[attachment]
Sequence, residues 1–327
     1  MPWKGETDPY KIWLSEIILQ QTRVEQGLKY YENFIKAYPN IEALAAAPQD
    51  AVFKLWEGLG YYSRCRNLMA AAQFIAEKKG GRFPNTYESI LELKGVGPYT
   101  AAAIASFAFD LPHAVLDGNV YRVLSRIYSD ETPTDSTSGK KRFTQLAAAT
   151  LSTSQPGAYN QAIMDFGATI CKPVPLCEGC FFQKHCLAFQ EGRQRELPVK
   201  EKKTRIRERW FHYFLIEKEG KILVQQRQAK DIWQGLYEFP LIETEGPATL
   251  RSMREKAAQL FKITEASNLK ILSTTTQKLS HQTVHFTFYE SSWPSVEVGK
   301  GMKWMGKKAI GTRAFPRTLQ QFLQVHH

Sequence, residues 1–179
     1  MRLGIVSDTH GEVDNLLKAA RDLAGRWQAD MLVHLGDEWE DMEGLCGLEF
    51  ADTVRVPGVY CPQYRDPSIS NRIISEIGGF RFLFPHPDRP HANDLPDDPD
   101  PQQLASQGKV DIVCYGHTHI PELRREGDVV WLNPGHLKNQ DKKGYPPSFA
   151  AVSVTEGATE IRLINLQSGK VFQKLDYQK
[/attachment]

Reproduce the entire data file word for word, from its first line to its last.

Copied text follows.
Sequence, residues 1–327
     1  MPWKGETDPY KIWLSEIILQ QTRVEQGLKY YENFIKAYPN IEALAAAPQD
    51  AVFKLWEGLG YYSRCRNLMA AAQFIAEKKG GRFPNTYESI LELKGVGPYT
   101  AAAIASFAFD LPHAVLDGNV YRVLSRIYSD ETPTDSTSGK KRFTQLAAAT
   151  LSTSQPGAYN QAIMDFGATI CKPVPLCEGC FFQKHCLAFQ EGRQRELPVK
   201  EKKTRIRERW FHYFLIEKEG KILVQQRQAK DIWQGLYEFP LIETEGPATL
   251  RSMREKAAQL FKITEASNLK ILSTTTQKLS HQTVHFTFYE SSWPSVEVGK
   301  GMKWMGKKAI GTRAFPRTLQ QFLQVHH

Sequence, residues 1–179
     1  MRLGIVSDTH GEVDNLLKAA RDLAGRWQAD MLVHLGDEWE DMEGLCGLEF
    51  ADTVRVPGVY CPQYRDPSIS NRIISEIGGF RFLFPHPDRP HANDLPDDPD
   101  PQQLASQGKV DIVCYGHTHI PELRREGDVV WLNPGHLKNQ DKKGYPPSFA
   151  AVSVTEGATE IRLINLQSGK VFQKLDYQK